” We are the Legal Abortion Party. What’s the difference between Us and Dem? We mean it. Dem don’t.”

          Reply
  9. Dr. Phips

    Just like the Roman Empire, this country is crumbling from within. Reading from history books it looks pretty much like it was then: “Constant wars and overspending had significantly lightened imperial coffers, and oppressive taxation and inflation had widened the gap between rich and poor”. Substitute taxation for the huge pay gap between the top 10% and the rest of the people, plus the absence of healthcare (except if you can pay for it) and add the culture wars to that and you can see where this is going.

    Reply
    1. drumlin woodchuckles

      So figure out how to make your part of a post-Roman post-America survival-ready. If your part can’t be made survival-ready, move to a survival-capable part of America to prepare for post-America survival there, if you can.

      Reply
  10. Safety First

    Missouri state Rep. Mary Elizabeth Coleman (R-97) is already attempting to bar pregnant people from leaving the state to get an abortion…

    Sodding sodded sod sod…

    —–

    I got flashbacks to the Fugitive Slave Act even before finishing the first few paragraphs, since federal action by a Republican majority in Washington could “fix” a lot of the legal questions raised.

    The question is, should the Republicans actually try to push something like this through, or just “trade” on the concept of doing it at some point in the future, as they did with Obamacare for a number of years, using the prospect of action to raise funds and get votes but not actually planning to do very much if back in power?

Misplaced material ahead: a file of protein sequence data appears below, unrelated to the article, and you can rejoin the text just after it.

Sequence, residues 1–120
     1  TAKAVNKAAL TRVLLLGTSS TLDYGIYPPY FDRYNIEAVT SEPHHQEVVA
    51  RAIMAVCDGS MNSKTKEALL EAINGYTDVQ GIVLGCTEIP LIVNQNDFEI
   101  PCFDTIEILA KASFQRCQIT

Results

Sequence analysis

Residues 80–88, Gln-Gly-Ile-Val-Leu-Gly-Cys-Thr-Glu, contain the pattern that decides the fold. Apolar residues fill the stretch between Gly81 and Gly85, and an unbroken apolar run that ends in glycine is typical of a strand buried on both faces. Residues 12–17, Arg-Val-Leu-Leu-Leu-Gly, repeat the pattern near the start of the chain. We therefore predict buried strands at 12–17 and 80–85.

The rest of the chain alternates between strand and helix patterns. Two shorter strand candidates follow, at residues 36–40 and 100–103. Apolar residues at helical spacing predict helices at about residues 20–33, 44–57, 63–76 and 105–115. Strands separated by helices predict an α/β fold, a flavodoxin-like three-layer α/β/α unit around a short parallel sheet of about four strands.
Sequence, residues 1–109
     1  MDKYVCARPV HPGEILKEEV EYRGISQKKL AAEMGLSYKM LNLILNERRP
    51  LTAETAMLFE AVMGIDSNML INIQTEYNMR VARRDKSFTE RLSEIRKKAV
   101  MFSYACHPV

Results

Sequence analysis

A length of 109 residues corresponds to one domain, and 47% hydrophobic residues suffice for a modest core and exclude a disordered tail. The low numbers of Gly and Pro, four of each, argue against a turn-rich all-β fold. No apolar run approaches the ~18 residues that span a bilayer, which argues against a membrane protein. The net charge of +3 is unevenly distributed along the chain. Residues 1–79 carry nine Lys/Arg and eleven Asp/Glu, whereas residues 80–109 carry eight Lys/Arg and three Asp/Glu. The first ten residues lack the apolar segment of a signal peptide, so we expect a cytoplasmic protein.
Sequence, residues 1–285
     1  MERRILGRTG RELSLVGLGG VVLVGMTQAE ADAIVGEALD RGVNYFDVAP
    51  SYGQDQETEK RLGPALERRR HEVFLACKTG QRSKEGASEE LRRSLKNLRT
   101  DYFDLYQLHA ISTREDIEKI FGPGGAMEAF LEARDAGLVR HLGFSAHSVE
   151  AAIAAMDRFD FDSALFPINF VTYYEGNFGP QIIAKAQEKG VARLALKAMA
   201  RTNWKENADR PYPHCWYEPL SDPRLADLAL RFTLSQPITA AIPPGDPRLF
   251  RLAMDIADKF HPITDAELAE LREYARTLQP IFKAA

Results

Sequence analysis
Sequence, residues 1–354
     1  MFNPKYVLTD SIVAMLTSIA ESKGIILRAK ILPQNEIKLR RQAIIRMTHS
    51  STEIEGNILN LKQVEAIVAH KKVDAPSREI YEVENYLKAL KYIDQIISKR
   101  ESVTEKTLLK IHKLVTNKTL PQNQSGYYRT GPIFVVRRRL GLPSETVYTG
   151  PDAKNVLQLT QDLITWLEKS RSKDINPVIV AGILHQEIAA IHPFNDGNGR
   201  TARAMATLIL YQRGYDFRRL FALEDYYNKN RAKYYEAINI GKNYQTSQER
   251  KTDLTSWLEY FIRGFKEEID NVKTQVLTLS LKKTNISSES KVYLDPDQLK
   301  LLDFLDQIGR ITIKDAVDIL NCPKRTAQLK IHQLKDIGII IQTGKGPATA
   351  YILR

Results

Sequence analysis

Separately, I am sure that any lawyer worth his, her or its salt could come up with a state law inflicting drastic penalties, civil or criminal, on pregnant people who either procure pills or travel out of state to cease being either pregnant or people, that sidesteps direct conflict with abortion protections in any “blue” states. Then again, I am also having visions of Democratic leaders in “blue” states consistently folding in any such direct conflicts so as to keep trading on the issue themselves…

    Reply
    1. Librarian Guy

      But the GOP is the party of “small government”, innit?

      Remember when they used to go after “trial lawyers” who sued for medical malpractice injuries, e.g.? And now they’re planning to empower (via “States Rights,” a segregationist favorite concept) to make the Red States & individual fetus-fetishists “guardians” of individual women’s wombs & uteruses (or should that be uteri)? . . . what miserable, hate-filled people.

      “1984” didn’t come to pass fully with Trump’s election, the fanfare book sales were premature, this would be the time for those unfamiliar to read it. And though I don’t personally practice “Vote Blue No Matter Who”, if the Rs get a majority House and Senate I would expect national, very restrictive laws to remind the women they are c(h)attle “intended” per the Christian “faith” to give birth and nothing more.

      Reply
      1. Safety First

        On combining the rhetoric of “small government” with nationalised policy – there is a fairly recent book, “This Vast Southern Empire” by Matthew Karp, that goes through how the South, notwithstanding all the talk of “states’ rights”, spent much of the antebellum period building up federal military and navies in response to what they perceived to be a geopolitical threat to slavery from Great Britain. It’s not exactly the same as abortion, what, but the concept of reconciling small-government this but big-government that is fairly similar.